The naming phase of any new product or corporate initiative often starts as a fun, creative distraction. It can be a welcome break from tactical meetings or crunching numbers and a time to flex verbal skills.
But the fun can quickly turn to angst and frustration when an unimaginable number of names produce no clear winners, trademark and URL conflicts emerge for every good contender, and deadlines loom.
Here’s what you need to know to expedite the path to a successful name:
If you have the mindset, “I’ll know the right name when I see it,” beware–you’re on the path to frustration. That’s just not how it works. The truth is, if you don’t know what you’re looking for you’re probably not going to find it. A well-thought-out naming strategy that takes into consideration long- and short-term objectives should guide the creative name development process. The right name is one that aligns with your strategy and meets key objectives.
People respond to names on an emotional level. This is why it’s often difficult to gain consensus among co-workers when selecting names because everyone is reacting to the names based on their own preferences and personal experiences.
It’s not about finding a name that everyone likes–it’s about determining which name works best. Again, the key to success is evaluating names against strategic criteria and objectives.
Branding is about creating a unique identity and presence in the world. One of the best ways to ensure success is to develop a name that is authentic and projects the brand positioning.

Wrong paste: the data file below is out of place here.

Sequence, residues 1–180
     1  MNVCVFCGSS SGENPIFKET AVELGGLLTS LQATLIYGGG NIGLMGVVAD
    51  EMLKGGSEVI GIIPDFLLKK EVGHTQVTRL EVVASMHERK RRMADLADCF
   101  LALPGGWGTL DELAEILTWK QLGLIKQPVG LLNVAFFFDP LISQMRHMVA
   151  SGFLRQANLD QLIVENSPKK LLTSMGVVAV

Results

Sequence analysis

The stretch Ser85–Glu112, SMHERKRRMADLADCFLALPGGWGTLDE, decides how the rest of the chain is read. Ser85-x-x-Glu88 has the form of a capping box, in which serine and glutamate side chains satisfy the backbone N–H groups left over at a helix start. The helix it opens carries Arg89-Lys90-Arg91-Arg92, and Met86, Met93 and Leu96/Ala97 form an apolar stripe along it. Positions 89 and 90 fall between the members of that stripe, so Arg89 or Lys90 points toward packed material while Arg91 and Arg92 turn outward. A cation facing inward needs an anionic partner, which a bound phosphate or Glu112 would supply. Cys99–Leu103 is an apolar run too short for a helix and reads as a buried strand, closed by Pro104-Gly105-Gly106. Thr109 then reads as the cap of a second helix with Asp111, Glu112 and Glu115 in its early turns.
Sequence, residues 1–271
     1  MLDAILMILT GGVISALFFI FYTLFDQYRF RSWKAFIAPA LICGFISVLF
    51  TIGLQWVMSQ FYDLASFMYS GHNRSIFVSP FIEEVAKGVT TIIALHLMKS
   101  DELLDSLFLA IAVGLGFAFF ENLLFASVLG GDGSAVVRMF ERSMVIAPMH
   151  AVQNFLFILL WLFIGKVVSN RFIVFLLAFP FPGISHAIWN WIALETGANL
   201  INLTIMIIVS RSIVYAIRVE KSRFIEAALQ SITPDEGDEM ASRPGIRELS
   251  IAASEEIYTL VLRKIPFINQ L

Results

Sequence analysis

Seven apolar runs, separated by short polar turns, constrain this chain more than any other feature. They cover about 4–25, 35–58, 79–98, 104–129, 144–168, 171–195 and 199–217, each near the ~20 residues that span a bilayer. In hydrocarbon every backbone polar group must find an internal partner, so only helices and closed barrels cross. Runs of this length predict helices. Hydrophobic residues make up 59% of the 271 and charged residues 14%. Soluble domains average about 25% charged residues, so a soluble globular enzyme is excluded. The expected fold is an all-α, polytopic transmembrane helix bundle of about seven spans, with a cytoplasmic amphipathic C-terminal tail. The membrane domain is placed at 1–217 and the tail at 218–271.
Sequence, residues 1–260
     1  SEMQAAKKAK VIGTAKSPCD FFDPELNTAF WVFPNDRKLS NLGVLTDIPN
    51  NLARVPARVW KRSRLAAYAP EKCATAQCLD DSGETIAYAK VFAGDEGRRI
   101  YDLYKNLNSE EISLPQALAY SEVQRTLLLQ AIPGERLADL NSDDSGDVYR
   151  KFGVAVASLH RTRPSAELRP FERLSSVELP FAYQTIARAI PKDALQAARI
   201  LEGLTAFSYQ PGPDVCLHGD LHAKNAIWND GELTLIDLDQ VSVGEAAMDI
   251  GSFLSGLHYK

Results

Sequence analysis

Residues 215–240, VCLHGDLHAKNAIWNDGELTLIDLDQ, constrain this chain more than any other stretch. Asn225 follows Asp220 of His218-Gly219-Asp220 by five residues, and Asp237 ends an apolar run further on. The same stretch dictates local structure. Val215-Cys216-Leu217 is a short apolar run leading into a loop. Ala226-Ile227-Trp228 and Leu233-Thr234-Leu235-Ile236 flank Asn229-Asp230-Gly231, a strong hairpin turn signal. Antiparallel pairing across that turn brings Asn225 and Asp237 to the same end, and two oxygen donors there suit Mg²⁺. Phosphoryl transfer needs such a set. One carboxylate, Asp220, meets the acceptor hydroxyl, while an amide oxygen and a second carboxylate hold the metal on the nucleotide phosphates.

At first, the name should help convey what is different or desirable about the new offering. Over time, it should encompass the experiences your audience has with the brand. Rather than following naming trends, lead with uncompromising originality.
One of the biggest missteps marketers can make is jumping into the naming process without first giving serious consideration to the kind of name that is most appropriate.
Names can be arbitrary, suggestive, descriptive, or generic. The optimal kind of name for a given situation depends on many factors, such as target audience, marketing budget, extendibility, and more.
Among these pivotal factors, brand architecture predominates. The role of a brand name differs considerably from the role of a sub-brand name and they should not be treated as interchangeable.
Too often, marketers defer to consumers to select the final name. The “winning” name that emerges from consumer research is not necessarily the name that will propel the brand towards becoming a category leader.
It’s important to distinguish between the factors that drive consumer choices in the research environment–for example, familiarity, personal associations, and fit–and what it takes to create a standout brand. Obviously, the name needs to connect with consumers, but their input should be only one of many factors that go into selecting the right name.
The critical role of the name in creating a successful brand is obvious. Yet it’s the meticulous balancing of the many critical considerations that makes all the difference in developing a standout name.
—Lynn Haviland is the managing director of Applebaum Associates, a branding agency specializing in naming, visual identity, and strategic messaging.